Your Privilege Is Showing

My Oppression

Hi, there! My name is Duane and I am oppressed. “How are you oppressed?”, I’m glad you asked, I am a black gay male who grew up in a working class family. Like many Americans I am aware of which oppressive groups I am a member of. This understanding came not only from my college education, but it’s something I’m reminded of everyday.

Growing up as a little black boy from the South, came with its challenges. Finding your voice and eventually having that voice heard is a journey. But at 16, when I came out to my friends and family as gay, my journey became more nuanced and complicated. I can still remember my mother’s words, “Being out will make life even more difficult for you”. And boy was she right!

Being black was a bit easier for me than being gay, this mostly because I never had to proclaim my race like I did my gayness. So that begged the question: Was it easier to just be black and put aside my gayness?

The answer: No. I had to do the hard work of accepting myself and all the many aspects of my identity.

After becoming aware of my oppressive attributes and learning how to navigate through life with them, I realized my work was just beginning.

My Privilege

Hi, my name is Duane and I am privileged. “How am I privileged?”, I’m glad you asked, I was born a male and identify as a male.

My privilege was elusive to me as I was doing the work of living as a black gay man. It’s almost like I reviled in my oppression, cursing anyone who denied it. I was oppressed DAMN IT, and I didn’t want to hear anything different! To say the least, my oppression kept me busy as a young adult. I could be found protesting outside city hall for gay rights, and speaking as the unintended “black voice” in college classrooms filled with white people.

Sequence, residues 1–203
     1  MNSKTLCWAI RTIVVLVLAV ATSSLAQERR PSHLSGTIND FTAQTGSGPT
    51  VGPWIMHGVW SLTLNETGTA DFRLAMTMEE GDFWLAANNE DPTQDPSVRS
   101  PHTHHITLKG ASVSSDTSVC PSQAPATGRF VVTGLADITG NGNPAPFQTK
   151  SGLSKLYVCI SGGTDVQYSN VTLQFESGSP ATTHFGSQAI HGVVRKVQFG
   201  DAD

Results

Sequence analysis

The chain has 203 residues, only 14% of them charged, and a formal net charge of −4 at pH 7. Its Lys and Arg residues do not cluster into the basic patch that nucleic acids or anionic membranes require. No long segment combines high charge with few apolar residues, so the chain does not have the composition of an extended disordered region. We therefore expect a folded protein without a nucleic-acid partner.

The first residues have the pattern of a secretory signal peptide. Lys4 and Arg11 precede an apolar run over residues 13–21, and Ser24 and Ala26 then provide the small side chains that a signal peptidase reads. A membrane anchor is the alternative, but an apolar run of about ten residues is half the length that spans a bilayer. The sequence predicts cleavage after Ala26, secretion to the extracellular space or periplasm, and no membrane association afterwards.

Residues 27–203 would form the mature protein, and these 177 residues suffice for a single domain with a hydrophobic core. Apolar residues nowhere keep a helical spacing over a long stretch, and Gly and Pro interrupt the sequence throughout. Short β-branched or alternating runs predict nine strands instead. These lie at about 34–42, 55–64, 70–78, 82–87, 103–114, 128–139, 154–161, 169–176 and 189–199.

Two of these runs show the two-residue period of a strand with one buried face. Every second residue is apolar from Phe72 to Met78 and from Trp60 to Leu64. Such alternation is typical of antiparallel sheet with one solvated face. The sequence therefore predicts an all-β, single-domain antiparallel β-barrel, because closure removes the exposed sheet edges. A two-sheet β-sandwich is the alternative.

And then a women’s and ethic studies course completely shock up my entire world and brought my privilege to the forefront. It was Ms. Holcomb’s, Intro to Race and Gender course, that forced me to check my privilege at the door.

It was 4 weeks into the semester where we began the chapter on intersectional oppression and privilege. Up until that time, we had discussed the oppression of blacks and people of color (✓) and the oppression of the LGBT community (✓). That day she uttered the words that changed my thinking forever, “Men in the room, whether you know it or not, you have a number of privileges that women do not.”

WHAT?! ME?! The GAY BLACK guy? How is that possible?!

From Awareness To Action

I learned that day, that I am privileged as self identifying male and after self reflection understood that I was actively oppressing women and didn’t even know it. From that moment on, my understanding of my privilege went from awareness to action.

Privilege of Safety — As a man, I don’t live my life in fear. There’s no gender terrorism for men. I can risk dropping my guard, leaving my drink unattended at a party, having first-dates meet at my house, or being alone at night. One simple way I combat this privilege is in scenarios where I see woman is alone. If I see a woman walking alone at night in front of me, I cross the street or take a different route. This allows her to be a little bit more free of the fear that comes along with a strange man following behind her.

Privilege of Space — All spaces are by default men’s spaces. Men can establish male-only spaces in their homes, clubs, entertainment venues, online forums, etc. without complaint, and can demand entry into almost all ‘women-only’ spaces. A small gesture to fight this oppression is by only using bathrooms that are meant for men or unisex. It’s easy to see a line outside of a men’s bathroom and think, “Hmm…No one is in the women’s bathroom, I’ll be really quick.” No, in that moment, you are flexing your male privilege and invading a space meant for women, furthering the notion of privilege of space.

Privilege of Sexuality— Men are more likely to be congratulated for having lots of sex, rather than shamed for it or called a “slut” like women are. This is a touchy one, because many men don’t believe that a women and a man who have had the same number of sex partners are in any way equal. BUT IT’S TRUE. Choosing to not slut shame women because of their sexuality is one of the best ways to combat this problem.

Although, I do understand the difficulties when identifying personal privileges, I challenge everyone to see things from other's points of view. You can learn a lot from a conversation with someone who is part of an oppressed group.